Commonwealth v. Donahue
Supreme Judicial Court of Massachusetts
20 N.E. 171 (1889)
Donahue (defendant) purchased $21.55 worth of clothes from Mitchelman. However, when Mitchelman went to Donahue’s house to collect the money, an argument arose about the bill. Donahue collected the clothes and placed them in a chair and put $20 on a table and then told Mitchelman that he could either have the clothes or the $20. Mitchelman took the money and told Donahue that he owed him $1.55. Donahue demanded his money back and Mitchelman refused. Donahue attacked Mitchelman, threw him to the ground, and began choking him until Mitchelman gave him his wallet containing $29. Donahue was charged with robbery and assault. At trial, Donahue’s counsel denied that Donahue received the wallet and instead, claimed that Donahue had the right to use force to recover his own money from Mitchelman. The trial court instructed the jury that if Donahue choked or otherwise assaulted Mitchelman, then Donahue was guilty of assault, even if he used force to retrieve money from Mitchelman that Donahue believed was his own. Donahue was found guilty of assault and he appealed.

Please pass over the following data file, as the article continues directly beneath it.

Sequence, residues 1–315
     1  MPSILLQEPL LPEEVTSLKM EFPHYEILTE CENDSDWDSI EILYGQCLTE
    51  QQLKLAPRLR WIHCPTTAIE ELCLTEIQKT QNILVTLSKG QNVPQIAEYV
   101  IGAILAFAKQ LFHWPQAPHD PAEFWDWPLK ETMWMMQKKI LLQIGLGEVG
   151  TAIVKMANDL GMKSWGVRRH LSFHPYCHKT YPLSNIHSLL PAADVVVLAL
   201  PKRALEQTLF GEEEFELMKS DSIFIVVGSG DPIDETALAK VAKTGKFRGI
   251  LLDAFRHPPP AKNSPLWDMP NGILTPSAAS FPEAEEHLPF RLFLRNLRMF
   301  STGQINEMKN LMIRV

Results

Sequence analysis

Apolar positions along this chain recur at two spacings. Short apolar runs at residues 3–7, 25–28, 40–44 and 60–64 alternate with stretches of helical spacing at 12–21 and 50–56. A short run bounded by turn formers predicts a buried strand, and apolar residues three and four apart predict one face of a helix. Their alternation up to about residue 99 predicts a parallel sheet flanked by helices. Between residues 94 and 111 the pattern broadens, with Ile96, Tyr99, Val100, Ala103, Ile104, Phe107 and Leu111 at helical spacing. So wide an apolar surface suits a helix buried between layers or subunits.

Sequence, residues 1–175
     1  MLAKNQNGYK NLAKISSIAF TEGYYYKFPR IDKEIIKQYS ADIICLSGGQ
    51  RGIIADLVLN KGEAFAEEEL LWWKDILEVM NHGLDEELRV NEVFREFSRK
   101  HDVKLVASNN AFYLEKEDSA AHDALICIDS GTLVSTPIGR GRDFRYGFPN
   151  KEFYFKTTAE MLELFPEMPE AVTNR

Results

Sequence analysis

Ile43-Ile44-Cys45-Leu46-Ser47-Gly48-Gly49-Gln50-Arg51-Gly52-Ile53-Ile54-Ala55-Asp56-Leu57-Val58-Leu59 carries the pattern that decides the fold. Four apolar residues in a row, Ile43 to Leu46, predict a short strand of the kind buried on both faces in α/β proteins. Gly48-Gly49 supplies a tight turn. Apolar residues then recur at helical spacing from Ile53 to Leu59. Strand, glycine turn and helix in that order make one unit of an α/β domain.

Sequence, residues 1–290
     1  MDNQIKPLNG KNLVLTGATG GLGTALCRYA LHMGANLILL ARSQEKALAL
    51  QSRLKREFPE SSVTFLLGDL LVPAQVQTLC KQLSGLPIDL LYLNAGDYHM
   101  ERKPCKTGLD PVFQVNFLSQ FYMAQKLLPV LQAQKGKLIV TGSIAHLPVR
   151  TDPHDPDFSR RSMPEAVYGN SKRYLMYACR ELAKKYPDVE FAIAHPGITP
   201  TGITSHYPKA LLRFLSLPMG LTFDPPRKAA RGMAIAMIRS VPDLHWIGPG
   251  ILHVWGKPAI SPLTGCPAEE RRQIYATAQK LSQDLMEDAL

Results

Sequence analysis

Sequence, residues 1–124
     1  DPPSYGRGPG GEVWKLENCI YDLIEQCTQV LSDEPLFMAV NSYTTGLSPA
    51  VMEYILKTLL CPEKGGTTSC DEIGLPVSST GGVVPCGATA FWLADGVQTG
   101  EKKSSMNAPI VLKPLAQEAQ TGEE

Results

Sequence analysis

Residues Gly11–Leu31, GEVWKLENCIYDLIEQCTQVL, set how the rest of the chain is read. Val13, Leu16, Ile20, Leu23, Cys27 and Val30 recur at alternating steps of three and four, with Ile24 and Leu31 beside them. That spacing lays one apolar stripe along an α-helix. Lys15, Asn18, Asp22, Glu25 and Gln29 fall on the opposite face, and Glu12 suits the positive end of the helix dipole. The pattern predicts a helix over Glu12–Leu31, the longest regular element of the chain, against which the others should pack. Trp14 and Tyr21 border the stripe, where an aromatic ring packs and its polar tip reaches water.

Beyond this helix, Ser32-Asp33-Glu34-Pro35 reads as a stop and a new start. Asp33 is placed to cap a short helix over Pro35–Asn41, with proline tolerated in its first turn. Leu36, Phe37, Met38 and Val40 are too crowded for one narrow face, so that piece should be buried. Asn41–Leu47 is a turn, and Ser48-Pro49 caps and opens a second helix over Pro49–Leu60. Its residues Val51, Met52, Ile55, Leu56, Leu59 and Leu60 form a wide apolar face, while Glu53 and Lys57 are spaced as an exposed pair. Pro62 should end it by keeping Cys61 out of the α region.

Rule of Law
Holding and Reasoning (Holmes, J.)
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